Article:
July truly is April this year, at least as far as my personal budget. Some of our insurance payments are quarterly. That means every April, we have to come up with that money, as well as cash to cover the first quarter of our estimated taxes. The Internal Revenue Service's calendar when it comes to its second quarter estimated tax payment doesn't strictly follow the Gregorian calendar. Uncle Sam's tax collector wants the tax year's second Form 1040-ES and payment in June. My main estimated tax explainer discusses the timing of these payments, but below is a quick look from... Read more →


Tax returns AND any tax owed are due next week. Wednesday, July 15, to be exact. (Painted window in Harlingen, Texas, 1939, by Lee Russell; New York Public Library image via Unsplash) We're into the home stretch of the coronavirus extended 2020 tax season. That means that millions of taxpayers (or their tax preparers) are working on 2019 returns or extensions to finish up those 1040s. While you can send the Internal Revenue Service Form 4868 to get until Oct. 15 to submit your actual return, you still must pay any tax you owe by July 15. If you don't,... Read more →


Do you have a big tax bill, but are down to your last bottom dollar? That's the worry of many taxpayers in this coronavirus-affected filing season. But you do have payment options. (Photo by cottonbro via Pexels) Tax Day 2020 is rapidly approaching and a lot of taxpayers are not ready for it. It's not just their Form 1040 filing that's an issue. They are concerned about paying any tax that's also due on this year's July 15 due date that was postponed by coronavirus precautions. The audit defense company TaxAudit reports that more than a third — 37 percent... Read more →


If you want to pay your taxes in cash, you now have more retail locations from which to choose. But make your choice soon. It takes days to set up a cash tax payment. If you dawdle, you could end making a late cash payment and owing Uncle Sam penalty and interest charges, too. Do you like paying by cash? Then you'll be thrilled by the Internal Revenue Service's latest tax payment move. Ace Cash Express and Casey's General Stores across the country have joined 7-Eleven stores in offering a way for taxpayers to pay their tax bills with cash.... Read more →


We're less than two months from Tax Day 2020, which was pushed to July 15 due to the coronavirus pandemic. Or are we? There's been some talk and a few actual reports in the media that the White House is contemplating pushing the tax deadline back again, possibly to Sept. 15 or even mid-December. Just talk, so far: An NBC News report noted that talks of an even later Tax Day are preliminary. In that same article, Trump Administration officials stressed that no tax date change decision has been made. But some in the tax community are still a little... Read more →


The first two estimated tax payments for 2020 aren't due this week because of COVID-19 changes, but it's still time to look at how much you owe via 1040-ES and how best to figure those amounts. I've paid estimated taxes for almost as long as I've filed taxes. These payments, in case this tax is new to you, are the equivalent of withholding. With estimated taxes, however, we taxpayers must cover the income (and usually other) tax on things like freelance earnings or investment payouts since we get the money without anything being taken out beforehand for Uncle Sam. There... Read more →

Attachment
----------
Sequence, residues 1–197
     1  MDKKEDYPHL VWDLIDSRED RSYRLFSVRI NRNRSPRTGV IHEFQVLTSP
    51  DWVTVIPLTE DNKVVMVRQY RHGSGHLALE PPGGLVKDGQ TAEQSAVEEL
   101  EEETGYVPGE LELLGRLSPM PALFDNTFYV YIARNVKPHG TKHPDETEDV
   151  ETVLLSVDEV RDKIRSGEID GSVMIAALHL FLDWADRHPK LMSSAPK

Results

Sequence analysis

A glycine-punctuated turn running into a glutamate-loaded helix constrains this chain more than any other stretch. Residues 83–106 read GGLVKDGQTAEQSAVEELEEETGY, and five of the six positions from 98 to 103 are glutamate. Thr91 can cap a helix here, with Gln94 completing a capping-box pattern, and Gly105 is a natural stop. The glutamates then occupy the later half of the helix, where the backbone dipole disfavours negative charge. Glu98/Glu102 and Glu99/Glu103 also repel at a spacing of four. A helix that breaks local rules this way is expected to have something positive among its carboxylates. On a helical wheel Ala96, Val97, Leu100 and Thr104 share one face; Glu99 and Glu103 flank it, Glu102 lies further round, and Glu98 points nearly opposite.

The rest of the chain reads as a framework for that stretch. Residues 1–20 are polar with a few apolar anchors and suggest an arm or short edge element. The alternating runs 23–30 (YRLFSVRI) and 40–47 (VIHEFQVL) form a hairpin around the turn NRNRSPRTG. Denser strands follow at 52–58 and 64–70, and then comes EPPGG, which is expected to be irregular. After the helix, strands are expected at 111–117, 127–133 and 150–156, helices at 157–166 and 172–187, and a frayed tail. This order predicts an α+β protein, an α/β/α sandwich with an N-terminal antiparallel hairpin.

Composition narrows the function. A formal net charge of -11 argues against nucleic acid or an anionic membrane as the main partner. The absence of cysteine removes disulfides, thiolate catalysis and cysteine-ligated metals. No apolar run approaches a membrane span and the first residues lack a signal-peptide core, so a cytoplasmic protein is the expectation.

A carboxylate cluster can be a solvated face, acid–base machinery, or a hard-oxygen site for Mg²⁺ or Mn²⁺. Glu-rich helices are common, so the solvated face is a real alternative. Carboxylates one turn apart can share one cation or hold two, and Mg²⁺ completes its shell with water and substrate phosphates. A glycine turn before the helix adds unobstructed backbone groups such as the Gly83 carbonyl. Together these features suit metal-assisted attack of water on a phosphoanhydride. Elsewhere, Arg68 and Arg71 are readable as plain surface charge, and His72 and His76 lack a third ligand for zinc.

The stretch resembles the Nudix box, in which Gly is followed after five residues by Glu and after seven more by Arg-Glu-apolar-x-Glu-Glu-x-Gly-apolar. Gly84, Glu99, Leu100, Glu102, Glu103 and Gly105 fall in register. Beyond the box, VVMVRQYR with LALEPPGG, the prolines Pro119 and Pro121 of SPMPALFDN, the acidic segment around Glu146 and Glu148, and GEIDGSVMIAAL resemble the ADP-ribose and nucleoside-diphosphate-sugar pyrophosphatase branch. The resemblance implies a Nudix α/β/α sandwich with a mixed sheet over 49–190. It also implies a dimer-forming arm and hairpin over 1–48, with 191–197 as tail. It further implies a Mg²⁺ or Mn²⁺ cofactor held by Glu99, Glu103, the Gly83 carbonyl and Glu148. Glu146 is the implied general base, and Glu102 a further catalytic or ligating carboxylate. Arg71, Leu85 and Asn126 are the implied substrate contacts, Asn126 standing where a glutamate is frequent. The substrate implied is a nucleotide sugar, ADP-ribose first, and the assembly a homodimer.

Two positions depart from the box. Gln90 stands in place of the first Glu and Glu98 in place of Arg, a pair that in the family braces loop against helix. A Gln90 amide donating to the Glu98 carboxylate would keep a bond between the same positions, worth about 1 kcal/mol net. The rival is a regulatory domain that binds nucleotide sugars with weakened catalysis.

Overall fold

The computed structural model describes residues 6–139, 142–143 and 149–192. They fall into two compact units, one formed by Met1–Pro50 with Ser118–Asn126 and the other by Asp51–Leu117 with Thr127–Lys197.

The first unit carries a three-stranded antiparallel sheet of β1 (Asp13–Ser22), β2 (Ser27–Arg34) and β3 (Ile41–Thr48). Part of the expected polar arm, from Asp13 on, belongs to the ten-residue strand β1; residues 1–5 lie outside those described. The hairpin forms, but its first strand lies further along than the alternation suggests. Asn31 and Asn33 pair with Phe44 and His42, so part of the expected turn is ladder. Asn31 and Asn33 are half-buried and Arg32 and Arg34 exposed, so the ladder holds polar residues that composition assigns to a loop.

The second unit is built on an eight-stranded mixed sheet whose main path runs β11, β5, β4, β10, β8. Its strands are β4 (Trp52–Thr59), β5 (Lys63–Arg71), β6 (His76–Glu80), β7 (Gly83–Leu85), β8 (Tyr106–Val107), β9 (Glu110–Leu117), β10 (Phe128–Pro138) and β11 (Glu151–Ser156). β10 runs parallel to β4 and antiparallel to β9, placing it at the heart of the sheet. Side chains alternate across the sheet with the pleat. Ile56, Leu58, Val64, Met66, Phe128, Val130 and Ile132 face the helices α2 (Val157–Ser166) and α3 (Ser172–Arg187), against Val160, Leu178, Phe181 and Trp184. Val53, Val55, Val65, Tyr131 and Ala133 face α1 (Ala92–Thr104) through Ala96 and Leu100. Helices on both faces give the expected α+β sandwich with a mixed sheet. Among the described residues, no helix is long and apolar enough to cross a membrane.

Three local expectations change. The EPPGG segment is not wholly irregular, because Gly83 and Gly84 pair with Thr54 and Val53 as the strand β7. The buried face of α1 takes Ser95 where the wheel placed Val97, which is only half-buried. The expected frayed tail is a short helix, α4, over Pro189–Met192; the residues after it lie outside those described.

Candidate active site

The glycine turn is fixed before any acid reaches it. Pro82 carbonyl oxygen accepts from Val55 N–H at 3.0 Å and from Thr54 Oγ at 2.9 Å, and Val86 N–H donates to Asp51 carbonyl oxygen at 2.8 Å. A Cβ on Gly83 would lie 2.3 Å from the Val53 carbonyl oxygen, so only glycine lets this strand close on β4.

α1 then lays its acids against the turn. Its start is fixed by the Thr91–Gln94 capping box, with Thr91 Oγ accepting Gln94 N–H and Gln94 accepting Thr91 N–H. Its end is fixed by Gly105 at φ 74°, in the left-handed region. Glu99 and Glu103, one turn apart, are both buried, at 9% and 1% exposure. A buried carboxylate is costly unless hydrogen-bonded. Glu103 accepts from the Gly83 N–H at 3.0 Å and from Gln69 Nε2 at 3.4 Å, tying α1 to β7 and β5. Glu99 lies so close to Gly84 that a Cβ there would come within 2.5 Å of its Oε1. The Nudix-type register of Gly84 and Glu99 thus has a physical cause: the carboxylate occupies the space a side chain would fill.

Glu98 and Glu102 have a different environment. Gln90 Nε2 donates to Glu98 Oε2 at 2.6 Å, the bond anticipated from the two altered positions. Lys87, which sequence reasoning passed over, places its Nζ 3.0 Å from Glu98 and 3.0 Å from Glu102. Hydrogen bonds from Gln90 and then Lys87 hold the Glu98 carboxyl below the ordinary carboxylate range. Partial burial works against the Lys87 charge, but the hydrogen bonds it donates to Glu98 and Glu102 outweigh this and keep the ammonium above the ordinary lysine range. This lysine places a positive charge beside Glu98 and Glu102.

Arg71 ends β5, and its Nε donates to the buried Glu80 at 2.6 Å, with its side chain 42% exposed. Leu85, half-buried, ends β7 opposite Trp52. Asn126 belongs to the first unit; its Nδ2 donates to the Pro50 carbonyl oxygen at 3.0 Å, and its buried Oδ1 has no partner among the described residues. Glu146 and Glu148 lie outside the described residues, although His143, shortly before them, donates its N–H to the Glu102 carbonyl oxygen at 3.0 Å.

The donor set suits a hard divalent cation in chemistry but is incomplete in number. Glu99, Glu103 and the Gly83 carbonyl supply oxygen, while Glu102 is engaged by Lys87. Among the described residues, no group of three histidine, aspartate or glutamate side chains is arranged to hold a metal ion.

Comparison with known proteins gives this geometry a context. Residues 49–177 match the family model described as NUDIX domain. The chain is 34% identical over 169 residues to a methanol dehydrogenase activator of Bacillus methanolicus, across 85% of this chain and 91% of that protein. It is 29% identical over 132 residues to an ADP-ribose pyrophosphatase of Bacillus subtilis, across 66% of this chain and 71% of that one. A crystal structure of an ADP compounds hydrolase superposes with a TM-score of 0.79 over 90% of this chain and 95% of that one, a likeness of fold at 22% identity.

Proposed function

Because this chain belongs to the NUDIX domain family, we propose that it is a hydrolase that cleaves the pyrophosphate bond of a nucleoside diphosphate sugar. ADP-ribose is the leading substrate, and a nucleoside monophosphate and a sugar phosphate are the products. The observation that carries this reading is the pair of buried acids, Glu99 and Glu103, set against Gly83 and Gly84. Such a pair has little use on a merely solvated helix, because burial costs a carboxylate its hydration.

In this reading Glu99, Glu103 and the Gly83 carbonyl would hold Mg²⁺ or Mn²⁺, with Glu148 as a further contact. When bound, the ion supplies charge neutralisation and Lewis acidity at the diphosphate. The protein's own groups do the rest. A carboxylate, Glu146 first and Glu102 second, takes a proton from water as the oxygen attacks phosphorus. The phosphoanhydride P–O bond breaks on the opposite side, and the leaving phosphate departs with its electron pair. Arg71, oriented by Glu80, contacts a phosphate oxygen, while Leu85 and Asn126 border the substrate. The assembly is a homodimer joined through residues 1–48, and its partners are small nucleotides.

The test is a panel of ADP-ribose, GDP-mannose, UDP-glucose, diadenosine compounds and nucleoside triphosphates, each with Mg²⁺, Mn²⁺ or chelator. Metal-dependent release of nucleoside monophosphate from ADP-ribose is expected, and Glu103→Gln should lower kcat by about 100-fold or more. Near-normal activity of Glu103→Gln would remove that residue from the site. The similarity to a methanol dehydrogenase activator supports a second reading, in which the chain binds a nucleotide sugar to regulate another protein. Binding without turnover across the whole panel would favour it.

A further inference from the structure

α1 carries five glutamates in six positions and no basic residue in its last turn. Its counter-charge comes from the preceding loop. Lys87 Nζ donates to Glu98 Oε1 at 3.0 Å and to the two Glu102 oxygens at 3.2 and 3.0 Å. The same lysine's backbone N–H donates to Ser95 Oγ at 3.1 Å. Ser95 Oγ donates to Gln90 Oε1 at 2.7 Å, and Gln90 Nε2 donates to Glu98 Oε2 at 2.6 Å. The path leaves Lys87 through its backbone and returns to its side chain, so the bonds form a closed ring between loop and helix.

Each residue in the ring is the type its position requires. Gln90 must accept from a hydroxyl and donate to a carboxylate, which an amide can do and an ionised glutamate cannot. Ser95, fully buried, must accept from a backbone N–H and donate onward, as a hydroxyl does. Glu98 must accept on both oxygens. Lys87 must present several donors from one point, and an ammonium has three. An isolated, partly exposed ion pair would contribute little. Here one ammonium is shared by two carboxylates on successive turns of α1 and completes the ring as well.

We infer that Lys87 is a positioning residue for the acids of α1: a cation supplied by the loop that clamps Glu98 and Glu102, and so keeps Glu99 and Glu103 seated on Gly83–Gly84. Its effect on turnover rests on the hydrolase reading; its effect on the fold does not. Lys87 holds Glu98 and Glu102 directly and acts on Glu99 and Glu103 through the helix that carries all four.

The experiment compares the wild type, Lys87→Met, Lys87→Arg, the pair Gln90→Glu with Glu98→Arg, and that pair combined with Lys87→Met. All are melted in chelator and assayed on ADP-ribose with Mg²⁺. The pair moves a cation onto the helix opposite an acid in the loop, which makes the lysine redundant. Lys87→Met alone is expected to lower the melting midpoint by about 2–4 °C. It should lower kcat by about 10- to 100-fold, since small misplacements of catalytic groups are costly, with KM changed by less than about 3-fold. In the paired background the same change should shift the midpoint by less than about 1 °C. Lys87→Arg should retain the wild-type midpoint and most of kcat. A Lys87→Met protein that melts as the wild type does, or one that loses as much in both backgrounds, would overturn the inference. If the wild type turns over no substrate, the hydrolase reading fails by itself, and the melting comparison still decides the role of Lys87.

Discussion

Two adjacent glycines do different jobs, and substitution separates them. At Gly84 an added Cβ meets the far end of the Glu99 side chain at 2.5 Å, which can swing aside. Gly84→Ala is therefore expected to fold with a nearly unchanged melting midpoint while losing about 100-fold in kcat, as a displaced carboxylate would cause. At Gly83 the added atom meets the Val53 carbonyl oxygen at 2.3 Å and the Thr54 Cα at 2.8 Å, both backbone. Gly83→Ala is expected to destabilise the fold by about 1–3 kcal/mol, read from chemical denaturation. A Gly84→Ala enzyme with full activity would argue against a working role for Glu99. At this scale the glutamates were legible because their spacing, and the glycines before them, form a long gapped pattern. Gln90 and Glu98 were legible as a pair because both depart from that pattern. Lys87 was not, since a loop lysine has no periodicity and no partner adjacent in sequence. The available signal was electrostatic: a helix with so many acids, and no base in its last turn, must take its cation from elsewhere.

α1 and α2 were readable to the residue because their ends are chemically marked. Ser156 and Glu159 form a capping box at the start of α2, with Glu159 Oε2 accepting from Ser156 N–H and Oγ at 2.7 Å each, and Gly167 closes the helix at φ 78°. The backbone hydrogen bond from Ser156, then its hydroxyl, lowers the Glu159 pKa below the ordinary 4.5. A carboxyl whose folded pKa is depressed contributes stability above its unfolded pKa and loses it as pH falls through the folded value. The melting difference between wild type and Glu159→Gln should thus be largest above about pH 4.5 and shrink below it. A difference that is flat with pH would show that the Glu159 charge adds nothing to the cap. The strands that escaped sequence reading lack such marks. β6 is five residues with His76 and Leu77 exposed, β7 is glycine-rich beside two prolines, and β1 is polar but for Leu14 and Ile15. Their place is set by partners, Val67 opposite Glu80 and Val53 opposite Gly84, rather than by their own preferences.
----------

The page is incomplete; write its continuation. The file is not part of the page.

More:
We're in what during normal times would be the annual tax season's big push to the end (or an extension). But these are not normal times. Instead, it feels more and more like we're living in a tax version of Bill Murray's classic "Groundhog Day." That's because for the second time in three days the Treasury Department and Internal Revenue Service have moved the deadlines for filing and paying taxes. Friday, March 20, morning Treasury Secretary Steve Mnuchin decided that an earlier decision that split the usual April 15 deadline for tax filing and paying should be changed. So he... Read more →


States also are coping with COVID-19 and tax return timing, with a handful already delaying some returns. UPDATE, March 21, 2020: Tax Day 2020 has changed again. Now taxpayers have until July 15 to file their 2019 returns and pay any due tax. This latest change was announced March 20 and the IRS issued some guidance on the changes on March 21. This window's timely admonition usually is good advice as April 15 nears. This year, however, Tax Day may be pushed back due to the spreading coronavirus. (Painted window in Harlingen, Texas, 1939, by Lee Russell; New York Public... Read more →


You finished your tax return and the news is not good. You owe Uncle Sam money. Don't freak out, at least not yet. Your payment isn't due until April 15. That gives you time to figure out how to come up with the cash and/or get it to the U.S. Treasury. The Internal Revenue Service, naturally, has some suggestions. Let's start with the agency's new favorite tax payment method. Yep, I'm talking electronic. You have several digital options. 1. Credit, Debit or Digital Wallet: Paying by plastic is one of the oldest and most popular tax e-pay methods. As the... Read more →


Law schools and their students, like these at Georgia State University College of Law, are major contributors to the success of Low-Income Taxpayer Clinics nationwide. (Photo courtesy Philip C. Cook LITC) Sometimes, taxpayers encounter issues more serious that just filing their returns. They discover that the Internal Revenue Service has some questions about a prior return or an appeal of an agency decision isn't going as expected or that the federal tax collector is taking his name to heart and initiating collection procedures. What to do? Specifically, what to do if you don't have much money? Find your nearest Low-Income... Read more →